Those of you who’ve spent hard-earned dollars in the last couple of years on a killer new Dolby Digital/DTS A/V Receiver may think you have it all--discrete Dolby Digital 5.1-channel surround sound as well as further evolutions of it and DTS (THX Surround EX, DTS-ES, etc.). Make no mistake: Dolby Digital 5.1 and DTS do deliver a home theater experience that often rivals and sometimes exceeds its theatrical equivalent.
Little Attention Paid
It’s called Dolby Pro Logic II (DPL II for short); and if you haven’t heard it yet, you’re going to love it--and want it. Because when you switch on DPL II (included in virtually all A/V receivers and most entry-level models) and play just about any two-channel stereo CD, even vinyl or a laserdisc (remember those?), DPL II produces an utterly natural-sounding 5.1-channel surround experience that, in its precise directionality and spatial expansiveness, rivals that of Dolby Digital 5.1-channel discrete soundtracks!
But how much better can DPL II be than old-fashioned Dolby Pro Logic, now more than 10 years old? I’ll tell you: a lot. Remember how disappointing Dolby Pro Logic was whenever you tried playing a CD or stereo album through it? Everything collapsed into the center channel. It sounded like mono with muffled ambience.
DPL II, however, is an entirely different experience. DPL II delivers two full-range stereo surround channels, 20 Hz to 20 kHz, not a rolled-off mono channel “band-limited“ at 7,000 Hz (nothing above 7 kHz, and in my quarters, that ain’t hi-fi). Moreover, DPL II naturally extracts all the ambience and directionality that already exists in the stereo recording.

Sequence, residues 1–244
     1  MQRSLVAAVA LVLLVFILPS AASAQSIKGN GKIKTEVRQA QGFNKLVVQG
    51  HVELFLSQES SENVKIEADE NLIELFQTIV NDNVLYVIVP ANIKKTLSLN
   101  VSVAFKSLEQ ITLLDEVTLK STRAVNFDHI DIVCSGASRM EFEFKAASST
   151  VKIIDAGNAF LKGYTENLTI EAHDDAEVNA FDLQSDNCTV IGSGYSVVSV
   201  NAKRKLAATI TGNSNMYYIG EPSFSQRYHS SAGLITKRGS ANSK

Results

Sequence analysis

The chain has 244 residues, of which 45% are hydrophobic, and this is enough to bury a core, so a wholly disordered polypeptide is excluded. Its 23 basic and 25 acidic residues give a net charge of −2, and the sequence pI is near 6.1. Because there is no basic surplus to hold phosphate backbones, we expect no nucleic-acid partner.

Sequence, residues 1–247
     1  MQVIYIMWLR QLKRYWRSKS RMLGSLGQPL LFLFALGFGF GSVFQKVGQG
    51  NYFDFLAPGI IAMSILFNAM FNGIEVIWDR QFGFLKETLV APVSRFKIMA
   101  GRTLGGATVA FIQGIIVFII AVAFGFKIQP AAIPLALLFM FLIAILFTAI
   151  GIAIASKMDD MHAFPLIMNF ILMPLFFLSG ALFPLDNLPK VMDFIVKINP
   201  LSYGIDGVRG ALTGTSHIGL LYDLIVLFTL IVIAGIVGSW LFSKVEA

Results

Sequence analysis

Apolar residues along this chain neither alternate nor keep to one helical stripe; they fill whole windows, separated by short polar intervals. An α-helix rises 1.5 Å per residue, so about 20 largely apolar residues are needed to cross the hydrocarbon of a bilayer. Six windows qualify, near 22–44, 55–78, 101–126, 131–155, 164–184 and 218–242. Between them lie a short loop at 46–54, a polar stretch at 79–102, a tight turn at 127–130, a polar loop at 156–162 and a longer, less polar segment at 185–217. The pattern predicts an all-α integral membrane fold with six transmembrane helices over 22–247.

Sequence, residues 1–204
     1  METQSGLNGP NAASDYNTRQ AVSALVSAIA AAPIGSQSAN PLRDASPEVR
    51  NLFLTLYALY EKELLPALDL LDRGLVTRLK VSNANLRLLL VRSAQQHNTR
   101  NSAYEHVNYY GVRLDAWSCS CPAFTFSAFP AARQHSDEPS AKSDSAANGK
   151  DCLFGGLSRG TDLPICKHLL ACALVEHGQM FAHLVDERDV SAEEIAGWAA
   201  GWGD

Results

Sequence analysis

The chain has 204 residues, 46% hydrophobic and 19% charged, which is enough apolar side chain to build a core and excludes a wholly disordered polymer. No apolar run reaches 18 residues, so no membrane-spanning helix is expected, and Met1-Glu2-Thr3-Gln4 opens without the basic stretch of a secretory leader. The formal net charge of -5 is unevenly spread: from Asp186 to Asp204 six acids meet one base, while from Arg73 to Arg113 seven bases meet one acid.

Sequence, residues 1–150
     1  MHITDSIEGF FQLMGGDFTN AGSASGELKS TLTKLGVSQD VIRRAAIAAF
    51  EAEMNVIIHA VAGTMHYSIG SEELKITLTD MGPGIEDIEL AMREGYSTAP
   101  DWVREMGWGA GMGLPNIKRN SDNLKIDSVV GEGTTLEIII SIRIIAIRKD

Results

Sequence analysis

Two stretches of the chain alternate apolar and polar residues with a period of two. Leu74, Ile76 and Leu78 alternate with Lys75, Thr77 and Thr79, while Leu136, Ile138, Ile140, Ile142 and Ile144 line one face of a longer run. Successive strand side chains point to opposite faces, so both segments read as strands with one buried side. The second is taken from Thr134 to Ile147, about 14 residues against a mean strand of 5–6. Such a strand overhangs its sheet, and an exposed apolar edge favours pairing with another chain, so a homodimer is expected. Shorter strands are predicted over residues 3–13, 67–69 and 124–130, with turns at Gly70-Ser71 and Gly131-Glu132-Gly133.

Revive Your CD Collection
Are you convinced now? DPL II is almost as good as Dolby Digital 5.1!
Tech Notes -- How It Works DPL II is a dramatically improved matrix surround system based on the original Dolby Pro Logic system first introduced in 1987, which was already a major upgrade of the original Dolby Surround matrix. (Matrix surround decoding is the process of extracting several output channels from a 2-channel delivery system.) In the case of Pro Logic, there were four channels—front left, center, and front right, plus a mono surround channel that was usually split between two rear speakers. The surround channel was also "band-limited" at about7 kHz, reducing the treble frequencies.
Compared to “old” Pro Logic, DPL II offers two full-range stereo surround channels, more sophisticated steering logic, high channel separation and an exceptionally stable sound field. Of course, in the past, different manufacturers tried to upgrade Pro Logic by adding complex detection and decorrelation circuits, the latter an attempt to create two stereo rear channels from a mono signal. These circuits not only produced unnatural effects, but also sullied sound quality by simply over-processing the audio signals. DPL II throws out most of this processing and replaces it with simple servo circuits used to derive the five channels. And, unlike the phony-sounding "jazz club", "hall" and “stadium” modes found on many A/V receivers, DPL II introduces no false delay-induced echoes, reverb, or tonal coloration.
Not all receivers with DPL II have the Music mode (it’s optional) or the three sound field controls that let you tailor the sound field to your own taste: Center Width lets you gradually spread the center-channel sound into the front left and right speakers. At its widest setting, all the sound from the center is mixed into the left and right speakers. Panorama wraps the sound from the front left and right speakers around you for an exciting perspective. And a Dimension control adjusts the front/back balance to suit your taste.
Works With 2-Channel Surround Movies
If you're stuck with a 10-year old (or older) Dolby Pro Logic receiver, it's time to retire it early. Do yourself an acoustical favor and upgrade to a Dolby Digital/DTS/DPLII A/V receiver - your ears will thank you! Alan Lofft, The AudioLofft Report